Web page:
I am not anti-vax in any way, but often wonder about how effective it really is.
    Many people have not been unvaccinated since childhood, yet do not catch any of these ‘communicable’ diseases like ‘flu, measles, covid, etc. These are healthy people across all age groups, who have exemplary lifestyle habits.
    Perhaps taxpayer funds would be better spent on helping people maintain a healthy lifestyle, rather than on managing chronic ‘dis-ease’ through the lifelong use of pharmaceuticals and the attendant adverse effects.
    As for the current pandemic – a virus is so small that few, if any, masks could block it. I also doubt that lockdowns can stop a virus, which is aerosolized and does not need vehicles to travel. Unlike bacteria, a virus needs a host, eg a cell, in order to replicate.
    Please share some articles on healthy lifestyles.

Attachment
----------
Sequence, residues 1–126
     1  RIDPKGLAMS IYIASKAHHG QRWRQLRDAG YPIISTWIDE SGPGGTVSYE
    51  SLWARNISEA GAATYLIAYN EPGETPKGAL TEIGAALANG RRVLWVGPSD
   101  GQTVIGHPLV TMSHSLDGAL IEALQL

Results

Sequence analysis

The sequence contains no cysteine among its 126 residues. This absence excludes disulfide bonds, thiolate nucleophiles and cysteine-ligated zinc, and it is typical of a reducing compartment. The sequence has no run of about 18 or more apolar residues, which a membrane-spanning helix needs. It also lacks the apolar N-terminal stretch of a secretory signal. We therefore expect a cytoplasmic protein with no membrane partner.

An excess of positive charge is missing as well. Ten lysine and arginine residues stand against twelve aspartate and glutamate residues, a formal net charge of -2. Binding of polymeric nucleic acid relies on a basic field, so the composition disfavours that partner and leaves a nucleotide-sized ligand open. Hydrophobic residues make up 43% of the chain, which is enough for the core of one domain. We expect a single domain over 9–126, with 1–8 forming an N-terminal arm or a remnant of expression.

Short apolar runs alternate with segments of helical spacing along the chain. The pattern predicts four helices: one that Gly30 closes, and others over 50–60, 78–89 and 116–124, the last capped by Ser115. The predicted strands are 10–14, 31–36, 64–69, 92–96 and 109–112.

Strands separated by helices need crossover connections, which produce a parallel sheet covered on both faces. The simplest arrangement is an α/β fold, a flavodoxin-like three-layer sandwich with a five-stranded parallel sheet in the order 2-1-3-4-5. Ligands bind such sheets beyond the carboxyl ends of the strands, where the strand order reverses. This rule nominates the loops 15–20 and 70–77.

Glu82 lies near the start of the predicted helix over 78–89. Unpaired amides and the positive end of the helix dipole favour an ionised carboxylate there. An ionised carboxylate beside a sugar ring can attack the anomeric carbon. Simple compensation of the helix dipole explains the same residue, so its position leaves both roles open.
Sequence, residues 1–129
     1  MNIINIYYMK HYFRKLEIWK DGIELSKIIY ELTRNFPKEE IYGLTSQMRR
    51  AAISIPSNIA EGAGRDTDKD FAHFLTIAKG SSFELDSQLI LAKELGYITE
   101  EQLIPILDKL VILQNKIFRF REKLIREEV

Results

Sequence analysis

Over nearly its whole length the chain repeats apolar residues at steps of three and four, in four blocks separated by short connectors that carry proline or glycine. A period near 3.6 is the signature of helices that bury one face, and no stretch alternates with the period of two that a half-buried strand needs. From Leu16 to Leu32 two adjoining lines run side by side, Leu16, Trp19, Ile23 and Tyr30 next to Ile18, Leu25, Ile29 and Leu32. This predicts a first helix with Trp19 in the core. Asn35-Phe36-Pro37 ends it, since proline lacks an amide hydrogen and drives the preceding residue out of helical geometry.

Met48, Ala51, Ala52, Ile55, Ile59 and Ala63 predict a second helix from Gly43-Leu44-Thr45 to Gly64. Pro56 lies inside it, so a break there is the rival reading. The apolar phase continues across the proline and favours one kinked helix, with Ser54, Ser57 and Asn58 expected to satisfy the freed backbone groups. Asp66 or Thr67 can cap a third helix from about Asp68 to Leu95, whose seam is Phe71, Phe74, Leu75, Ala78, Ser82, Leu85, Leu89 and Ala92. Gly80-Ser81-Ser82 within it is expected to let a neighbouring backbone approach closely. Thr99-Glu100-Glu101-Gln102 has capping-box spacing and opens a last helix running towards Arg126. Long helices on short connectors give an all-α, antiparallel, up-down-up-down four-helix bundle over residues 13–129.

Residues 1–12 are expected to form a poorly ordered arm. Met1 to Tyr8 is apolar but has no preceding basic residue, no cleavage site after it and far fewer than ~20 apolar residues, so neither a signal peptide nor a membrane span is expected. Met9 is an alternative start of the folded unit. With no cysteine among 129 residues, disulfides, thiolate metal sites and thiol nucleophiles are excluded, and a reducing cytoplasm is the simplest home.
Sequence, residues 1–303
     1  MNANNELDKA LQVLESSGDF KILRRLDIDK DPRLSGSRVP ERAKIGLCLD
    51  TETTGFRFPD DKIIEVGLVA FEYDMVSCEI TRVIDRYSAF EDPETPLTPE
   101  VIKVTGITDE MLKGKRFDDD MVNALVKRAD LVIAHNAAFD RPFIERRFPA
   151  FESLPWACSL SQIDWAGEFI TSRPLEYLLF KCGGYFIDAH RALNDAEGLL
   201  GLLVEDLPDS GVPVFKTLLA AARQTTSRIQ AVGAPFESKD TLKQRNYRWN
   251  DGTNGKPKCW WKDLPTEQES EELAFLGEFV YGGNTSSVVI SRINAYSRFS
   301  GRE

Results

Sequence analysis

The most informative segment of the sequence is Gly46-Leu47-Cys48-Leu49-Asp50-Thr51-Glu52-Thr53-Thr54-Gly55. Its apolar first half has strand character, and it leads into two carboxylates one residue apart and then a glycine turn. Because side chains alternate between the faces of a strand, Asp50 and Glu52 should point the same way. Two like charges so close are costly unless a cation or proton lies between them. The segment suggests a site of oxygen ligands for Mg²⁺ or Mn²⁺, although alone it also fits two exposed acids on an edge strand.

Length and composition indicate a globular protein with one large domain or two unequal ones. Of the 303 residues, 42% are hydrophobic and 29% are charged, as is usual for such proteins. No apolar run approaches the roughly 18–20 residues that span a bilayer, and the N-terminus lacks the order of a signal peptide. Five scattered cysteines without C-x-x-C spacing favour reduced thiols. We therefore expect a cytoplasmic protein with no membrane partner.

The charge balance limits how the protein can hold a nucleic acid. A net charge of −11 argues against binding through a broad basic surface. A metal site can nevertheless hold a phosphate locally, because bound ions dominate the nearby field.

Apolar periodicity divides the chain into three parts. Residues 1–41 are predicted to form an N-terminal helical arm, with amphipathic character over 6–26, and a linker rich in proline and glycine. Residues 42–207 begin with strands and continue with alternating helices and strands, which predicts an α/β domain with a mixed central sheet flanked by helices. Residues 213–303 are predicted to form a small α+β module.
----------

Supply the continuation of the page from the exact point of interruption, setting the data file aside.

1. Sylvia, prevention is almost always more cost-efficient than treatment. Therefore, I agree with your overrall great ideas. For Covid-19, it actually fits into this big picture, since the mortality rate among the young and healthy is lower. However, for people who are at the same age, overall health status is just one factor in deciding the outcome, i.e., how serious the symptoms will be. Other factors, such as genetic profiles, play a big role, too. But at this time, there is no easy way to tell which patients are going to be fine or die based on genetics, even if the whole genome information is collected. Therefore, vaccine can help, not so much in stopping transmission, but in preventing the vast majority of hospitalization chance. Plus, though the virus is small, the droplets from Covid patients are large enough to be blocked by masks. This is also why all epidemiologists emcourage the use of masks. There is a study from Pittsburgh showing the effectiveness of the surgical mask in lowering flu transmission. Masks work two ways, not just protecting others, as the CDC had wrongly (and surprisingly) described in early 2020.